The International Agency for Research on Cancer (IARC), an arm of the World Health Organisation (WHO), recently classified the radiation associated with mobile phones use as Group 2B: “possibly carcinogenic to humans”.
This essentially put cellphone radiation in the same category as the pesticide DDT, gasoline engine exhaust fumes and coffee.
Classifying agents as “possibly carcinogenic” doesn’t mean they automatically cause cancer and some experts said the ruling shouldn’t change people’s cellphone habits.
Despite the lack of conclusive evidence that mobile phone users may be at increased risk of brain cancer, sensationalist headlines linking cellphone use and cancer have littered the media since the WHO’s report.
South Africa is no exception, with Carte Blanche tackling the question as to whether cellphones are as safe as current research suggests.
Carte Blanche aired many voices which included activists questioning the lack of recourse for citizens to block towers in their area and hence prevent possible adverse health effects because of long term cellphone radiation exposure.
Government officials and mobile providers however reiterated the prevailing international view that radiation from cellular towers is safe.
With all the differing views it can be challenging to establish the truth about the health impact of cellular radiation.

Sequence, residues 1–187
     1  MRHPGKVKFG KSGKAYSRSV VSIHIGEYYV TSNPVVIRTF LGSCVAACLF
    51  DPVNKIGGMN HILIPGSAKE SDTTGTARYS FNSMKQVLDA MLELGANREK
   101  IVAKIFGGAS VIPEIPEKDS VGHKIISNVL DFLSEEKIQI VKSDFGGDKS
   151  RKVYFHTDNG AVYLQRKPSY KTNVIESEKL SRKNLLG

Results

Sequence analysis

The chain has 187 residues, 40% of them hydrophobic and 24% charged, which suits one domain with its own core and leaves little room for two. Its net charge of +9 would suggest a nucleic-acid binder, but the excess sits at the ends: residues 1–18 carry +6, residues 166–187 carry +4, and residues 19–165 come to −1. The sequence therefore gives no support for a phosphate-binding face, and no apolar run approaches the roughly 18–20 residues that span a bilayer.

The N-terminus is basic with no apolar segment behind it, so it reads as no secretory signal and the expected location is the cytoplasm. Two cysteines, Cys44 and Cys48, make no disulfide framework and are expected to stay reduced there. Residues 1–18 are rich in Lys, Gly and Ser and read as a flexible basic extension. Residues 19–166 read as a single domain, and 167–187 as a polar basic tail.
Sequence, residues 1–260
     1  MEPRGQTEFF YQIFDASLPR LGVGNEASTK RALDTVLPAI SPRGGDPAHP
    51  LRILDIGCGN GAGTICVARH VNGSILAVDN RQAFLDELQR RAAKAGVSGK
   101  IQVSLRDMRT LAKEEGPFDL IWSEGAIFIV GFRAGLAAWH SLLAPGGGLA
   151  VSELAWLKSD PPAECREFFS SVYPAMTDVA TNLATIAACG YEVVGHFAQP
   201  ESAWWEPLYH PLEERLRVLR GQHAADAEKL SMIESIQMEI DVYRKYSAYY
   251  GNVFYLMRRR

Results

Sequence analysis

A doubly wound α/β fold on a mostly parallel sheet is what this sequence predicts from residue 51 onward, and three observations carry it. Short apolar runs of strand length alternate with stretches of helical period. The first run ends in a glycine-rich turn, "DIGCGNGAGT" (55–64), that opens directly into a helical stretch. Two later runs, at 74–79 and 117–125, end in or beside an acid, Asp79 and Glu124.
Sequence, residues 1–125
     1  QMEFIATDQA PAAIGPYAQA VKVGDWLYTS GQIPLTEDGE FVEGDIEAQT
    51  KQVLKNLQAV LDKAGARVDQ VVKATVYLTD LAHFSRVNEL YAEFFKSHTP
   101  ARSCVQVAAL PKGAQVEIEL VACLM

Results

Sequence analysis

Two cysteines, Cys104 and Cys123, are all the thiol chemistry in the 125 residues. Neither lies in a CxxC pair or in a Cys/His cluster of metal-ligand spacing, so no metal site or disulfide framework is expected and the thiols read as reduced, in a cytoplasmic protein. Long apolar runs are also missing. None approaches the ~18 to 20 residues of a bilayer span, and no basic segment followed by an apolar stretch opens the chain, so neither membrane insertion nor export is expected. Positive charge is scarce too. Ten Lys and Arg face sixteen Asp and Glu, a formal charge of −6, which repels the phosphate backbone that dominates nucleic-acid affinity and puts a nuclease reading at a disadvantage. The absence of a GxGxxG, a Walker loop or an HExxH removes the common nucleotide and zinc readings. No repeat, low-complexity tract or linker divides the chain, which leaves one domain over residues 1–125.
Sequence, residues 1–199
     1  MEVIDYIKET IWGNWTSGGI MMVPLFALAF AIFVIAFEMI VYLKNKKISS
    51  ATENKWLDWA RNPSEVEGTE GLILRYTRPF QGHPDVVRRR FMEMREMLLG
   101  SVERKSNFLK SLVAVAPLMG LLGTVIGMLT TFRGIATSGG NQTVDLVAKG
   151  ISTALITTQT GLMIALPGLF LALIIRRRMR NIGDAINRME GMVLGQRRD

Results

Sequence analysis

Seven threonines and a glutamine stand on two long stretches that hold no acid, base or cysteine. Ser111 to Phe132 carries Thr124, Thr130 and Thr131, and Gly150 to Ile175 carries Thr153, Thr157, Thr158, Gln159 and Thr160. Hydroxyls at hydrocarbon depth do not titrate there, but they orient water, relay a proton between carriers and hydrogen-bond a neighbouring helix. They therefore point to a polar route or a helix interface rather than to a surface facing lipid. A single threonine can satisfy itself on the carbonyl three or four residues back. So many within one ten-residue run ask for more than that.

Is there real danger?
Various media reports highlighted that the WHO’s classification puts radio frequency electromagnetic fields in the same category as DDT (the pesticide), gasoline engine exhaust fumes and coffee.
It should however be noted that carpentry and joinery, bracken fern (the plant), certain pickled vegetables and occupational exposure in dry cleaning are also examples of agents with a Group 2B classification.
CTIA-The Wireless Association, an international wireless telecommunications industry association spoke out against the WHO report, saying that the IARC working group only reviewed already published studies and did not conduct any new research.
This has not prevented organisations such as Occupational Care South Africa (OCSA) from saying that South African employers need to be cognizant of the WHO’s new warning.
OCSA believes that employers should use questionnaires to inform, educate and screen any employees issued with cellphones for company use.
Fortune magazine asked the question “Cell phone use is way up. So why did brain cancer rates fall?” in a recent article.
They concluded that we’ll only know for sure whether there is a link between cellphone use after a few more decades when the radiation dose in the population stabilises at a high level and brain cancer rates either jump or continue to decline.
According to the Fortune magazine article this stabilization appears to have already happened in the US during 2010.
Many industry experts seem to agree with this view, saying that the IARC report, though new, doesn’t really offer any new conclusions about the dangers of cellphone usage.